There aren't many career paths that will take you from desolate truck stops off of I-70 to the stage at Lincoln Center in a matter of weeks, but that's exactly what happened to John Waters in the spring of 2012. After embarking on a cross-country hitchhiking adventure (all in the name of research for a book) the iconic filmmaker (he directed Pink Flamingos, Hairspray, and Cry Baby, to name but a few) was invited to accept two awards on behalf of absentee recipients Rei Kawakubo and Johnny Depp at the CFDA Fashion Awards two years ago. Fresh from talking his way into the cars and hearts of travelers on his journey, Waters found wooing the glamorous Lincoln Center crowd to be a cinch. Waters's quick wit and snappy observations got him invited back to host the gala event again this year, and he did so with his signature aplomb. Walking onto stage wearing a formal white-tie tuxedo, he quipped, "I got the wrong night? Oh god, I got the dates mixed up. What a fashion blunder. I thought tonight was the white-tie event. Oh well, I guess I'm overdressed as usual." (For more of his great punch lines, you can watch the whole show at cfda.com.)
We spoke with the 68-year-old auteur a few hours before his grand entrance, as he was preparing not only for his CFDA hosting duties but also the launch of his hitchhiking tome, Carsick: John Waters Hitchhikes Across America.
You traveled from Baltimore to San Francisco by hitchhiking across I-70. What was the most surprising thing you learned along the way?
Hitchhiking is a fantasy, in a way. Before I left, I wrote the first two parts of the book, imagining the worst and the best hitchhiking fantasies. What happened for real was not extreme, but it was surprising that the people I met were so great and unjudgemental and open-minded. People who live in New York and L.A. or San Francisco, they think that people in the middle of America are not like that. I can tell you that the ones that pick up hitchhikers sure are.
I didn't mind the chain hotels, but it's the lighting in them that gets me. The lighting in the Holiday Inn, you couldn’t read anything! You couldn’t even read the paper, it was so dark in there. I do regret not going into one hotel that had a full trucker disco with a disco ball. I want to go back there with somebody else driving because that looked like fun.
Did you buy any special gear for the trip?
I did buy some REI hiking boots. It was really embarrassing because when you buy the boots, there’s a little rock you can climb up. I was so embarrassed being there and trying on these things. Although I did wear those REI boots. Now, I keep them in New York for when it’s snowing and stuff. I'm telling you, those boots did work.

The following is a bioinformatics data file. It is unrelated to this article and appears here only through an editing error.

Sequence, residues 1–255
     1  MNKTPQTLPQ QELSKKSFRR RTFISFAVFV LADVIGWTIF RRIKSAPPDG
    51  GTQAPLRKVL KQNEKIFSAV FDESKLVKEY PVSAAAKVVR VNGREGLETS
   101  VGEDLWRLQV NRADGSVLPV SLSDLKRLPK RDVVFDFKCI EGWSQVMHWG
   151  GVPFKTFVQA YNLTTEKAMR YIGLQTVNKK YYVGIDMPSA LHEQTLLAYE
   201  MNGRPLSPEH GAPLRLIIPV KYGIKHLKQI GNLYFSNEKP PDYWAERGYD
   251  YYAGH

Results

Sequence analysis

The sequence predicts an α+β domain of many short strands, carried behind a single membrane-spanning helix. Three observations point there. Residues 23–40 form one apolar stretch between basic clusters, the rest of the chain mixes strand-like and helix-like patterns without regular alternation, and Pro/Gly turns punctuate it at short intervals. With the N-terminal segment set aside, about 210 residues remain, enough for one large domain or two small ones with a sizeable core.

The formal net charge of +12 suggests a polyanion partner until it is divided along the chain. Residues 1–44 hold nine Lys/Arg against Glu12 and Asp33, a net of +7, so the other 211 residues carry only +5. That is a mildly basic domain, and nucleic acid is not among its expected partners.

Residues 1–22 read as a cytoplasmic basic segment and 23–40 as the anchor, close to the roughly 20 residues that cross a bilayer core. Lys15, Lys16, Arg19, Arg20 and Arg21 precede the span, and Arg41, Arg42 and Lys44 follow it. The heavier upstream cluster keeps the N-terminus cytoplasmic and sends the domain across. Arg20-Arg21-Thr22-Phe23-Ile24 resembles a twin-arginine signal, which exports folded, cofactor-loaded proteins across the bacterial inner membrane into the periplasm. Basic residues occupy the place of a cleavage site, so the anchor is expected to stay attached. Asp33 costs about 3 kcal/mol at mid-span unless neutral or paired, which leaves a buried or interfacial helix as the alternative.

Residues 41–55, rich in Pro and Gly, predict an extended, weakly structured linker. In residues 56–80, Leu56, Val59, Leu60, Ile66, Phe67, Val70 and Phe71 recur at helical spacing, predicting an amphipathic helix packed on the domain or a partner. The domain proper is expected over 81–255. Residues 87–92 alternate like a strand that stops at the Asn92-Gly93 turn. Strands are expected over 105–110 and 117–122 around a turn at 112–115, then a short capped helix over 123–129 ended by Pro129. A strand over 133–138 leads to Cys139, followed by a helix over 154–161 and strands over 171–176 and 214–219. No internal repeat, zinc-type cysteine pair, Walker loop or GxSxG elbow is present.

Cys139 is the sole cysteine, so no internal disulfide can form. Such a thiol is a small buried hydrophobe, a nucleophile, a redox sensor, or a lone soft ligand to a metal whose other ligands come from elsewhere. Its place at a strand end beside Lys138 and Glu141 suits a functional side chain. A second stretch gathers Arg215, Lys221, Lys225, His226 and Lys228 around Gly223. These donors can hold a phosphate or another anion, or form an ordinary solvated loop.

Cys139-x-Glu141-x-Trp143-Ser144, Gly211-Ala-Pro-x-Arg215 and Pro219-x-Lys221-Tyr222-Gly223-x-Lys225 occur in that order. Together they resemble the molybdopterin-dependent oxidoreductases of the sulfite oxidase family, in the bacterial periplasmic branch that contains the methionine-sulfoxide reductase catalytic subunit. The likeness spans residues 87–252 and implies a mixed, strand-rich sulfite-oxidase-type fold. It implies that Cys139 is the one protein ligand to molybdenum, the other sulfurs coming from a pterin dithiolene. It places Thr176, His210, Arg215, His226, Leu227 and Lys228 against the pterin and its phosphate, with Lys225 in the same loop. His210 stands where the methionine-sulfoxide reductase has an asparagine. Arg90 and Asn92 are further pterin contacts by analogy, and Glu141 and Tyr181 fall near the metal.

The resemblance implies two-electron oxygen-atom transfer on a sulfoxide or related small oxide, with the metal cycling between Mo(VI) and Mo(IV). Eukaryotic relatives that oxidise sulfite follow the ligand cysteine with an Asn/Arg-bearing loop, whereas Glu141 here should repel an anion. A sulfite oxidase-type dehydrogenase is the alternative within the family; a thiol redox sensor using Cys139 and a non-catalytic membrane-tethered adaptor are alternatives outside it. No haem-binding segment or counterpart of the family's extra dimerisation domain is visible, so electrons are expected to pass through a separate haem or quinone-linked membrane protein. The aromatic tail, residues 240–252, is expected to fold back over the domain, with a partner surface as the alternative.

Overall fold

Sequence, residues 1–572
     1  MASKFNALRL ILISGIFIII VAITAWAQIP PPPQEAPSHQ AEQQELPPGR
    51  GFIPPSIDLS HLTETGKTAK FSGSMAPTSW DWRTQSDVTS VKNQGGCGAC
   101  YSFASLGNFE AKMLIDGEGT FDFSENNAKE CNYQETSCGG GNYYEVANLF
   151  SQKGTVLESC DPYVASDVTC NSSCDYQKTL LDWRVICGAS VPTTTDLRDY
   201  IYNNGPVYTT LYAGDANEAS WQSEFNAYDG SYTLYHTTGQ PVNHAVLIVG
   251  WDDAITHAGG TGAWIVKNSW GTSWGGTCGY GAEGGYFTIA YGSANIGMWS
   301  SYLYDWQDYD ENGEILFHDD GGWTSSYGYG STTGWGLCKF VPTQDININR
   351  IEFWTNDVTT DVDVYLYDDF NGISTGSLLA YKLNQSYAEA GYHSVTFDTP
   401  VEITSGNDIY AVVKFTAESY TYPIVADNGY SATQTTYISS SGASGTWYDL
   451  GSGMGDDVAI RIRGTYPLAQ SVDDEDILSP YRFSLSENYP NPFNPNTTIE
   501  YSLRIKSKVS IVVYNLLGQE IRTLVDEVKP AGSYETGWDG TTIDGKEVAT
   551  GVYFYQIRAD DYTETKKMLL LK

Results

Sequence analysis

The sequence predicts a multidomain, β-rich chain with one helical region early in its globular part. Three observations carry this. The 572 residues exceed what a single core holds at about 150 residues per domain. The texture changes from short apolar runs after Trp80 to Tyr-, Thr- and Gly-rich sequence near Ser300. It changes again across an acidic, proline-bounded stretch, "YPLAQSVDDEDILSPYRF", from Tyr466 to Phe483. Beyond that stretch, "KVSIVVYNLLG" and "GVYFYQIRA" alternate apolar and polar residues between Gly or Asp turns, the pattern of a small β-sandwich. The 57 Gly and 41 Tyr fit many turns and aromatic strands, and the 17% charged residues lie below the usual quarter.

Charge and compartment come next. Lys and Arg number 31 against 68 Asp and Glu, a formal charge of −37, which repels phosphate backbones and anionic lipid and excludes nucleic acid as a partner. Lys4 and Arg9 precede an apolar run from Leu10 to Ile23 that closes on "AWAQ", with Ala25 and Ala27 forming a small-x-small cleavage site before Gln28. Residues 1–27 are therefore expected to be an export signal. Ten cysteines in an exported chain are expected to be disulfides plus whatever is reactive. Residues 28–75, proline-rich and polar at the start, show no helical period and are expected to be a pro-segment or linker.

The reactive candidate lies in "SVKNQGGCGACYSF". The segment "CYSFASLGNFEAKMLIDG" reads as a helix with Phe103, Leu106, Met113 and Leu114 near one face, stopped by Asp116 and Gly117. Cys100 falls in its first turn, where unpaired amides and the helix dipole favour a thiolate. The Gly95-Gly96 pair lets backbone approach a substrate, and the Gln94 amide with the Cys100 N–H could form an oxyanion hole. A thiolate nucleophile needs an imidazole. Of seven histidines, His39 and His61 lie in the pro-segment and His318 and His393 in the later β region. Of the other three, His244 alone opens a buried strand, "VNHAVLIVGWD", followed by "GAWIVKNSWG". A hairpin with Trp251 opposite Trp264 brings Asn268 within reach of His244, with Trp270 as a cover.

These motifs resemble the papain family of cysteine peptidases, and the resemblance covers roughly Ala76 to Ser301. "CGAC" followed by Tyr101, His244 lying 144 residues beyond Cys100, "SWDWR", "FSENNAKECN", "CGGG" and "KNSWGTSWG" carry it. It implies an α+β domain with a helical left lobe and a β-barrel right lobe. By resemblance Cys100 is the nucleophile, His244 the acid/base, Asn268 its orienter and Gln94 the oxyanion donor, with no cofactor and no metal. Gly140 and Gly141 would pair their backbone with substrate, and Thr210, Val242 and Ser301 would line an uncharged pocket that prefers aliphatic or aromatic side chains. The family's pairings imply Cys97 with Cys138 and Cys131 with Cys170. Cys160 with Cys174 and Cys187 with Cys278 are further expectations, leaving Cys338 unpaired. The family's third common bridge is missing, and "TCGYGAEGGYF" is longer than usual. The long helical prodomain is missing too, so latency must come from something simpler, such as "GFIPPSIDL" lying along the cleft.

What else did you bring?
I brought my worst underwear to throw away a pair there every day. Hitchhiking underwear, you don’t take your best. I dressed pretty normal. I had an Issey Miyake jacket I wore every single day, and it's hard for me to wear that again. To put it on, instantly the sound came humming from the pockets. But it was a very functional jacket. When you’re hitchhiking, you want inside pockets on both sides, no flash pockets because things fall out. You want a little flap on the pocket so things don’t fall out. I only took two credit cards, one key—I traveled the lightest because what did I need? I wanted to go shopping on the way. And I only needed the key to get to my apartment San Francisco at the end of the trip. I wanted to look like me but I didn’t want to look like a fashion casualty standing on the side of the road.
You’re such a gentleman. You treated almost everybody who gave you a ride to a tank of gas or a meal.
Yeah, the hitchhiking actually cost more than a coach airline ticket. I offered. Most people wouldn’t take it, but the few that actually really could use it, took it so reluctantly. They seemed to be embarrassed. Like, are you kidding? I’ll ship you your car payment.
Would you do a sequel, like “John Waters's European Adventure?"
No, I think one hitchhiking trip is all I need. I know what it's like now. But I could always do it, and if I do it, it won’t be for a book or movie. It’ll be because I need to get to somewhere fast. If I have to, I know I can do it. It doesn't scare me.
I just did a big rehearsal last night, so that is done. All my clothes are there. I can't tell you what I'm wearing because it's part of a joke. [Note: Waters arrived wearing white tie, with a nod to the Costume Institute's Gala.] It's going to be fun! We’ll see if everybody has a sense of humor. Nobody usually gets mad or anything because I like what I'm making fun of.
Editor's note: Like the vintage photo by Henny Garfunkel of John Waters, shown above? Framed prints are available at jonathanadler.com, for $1,900.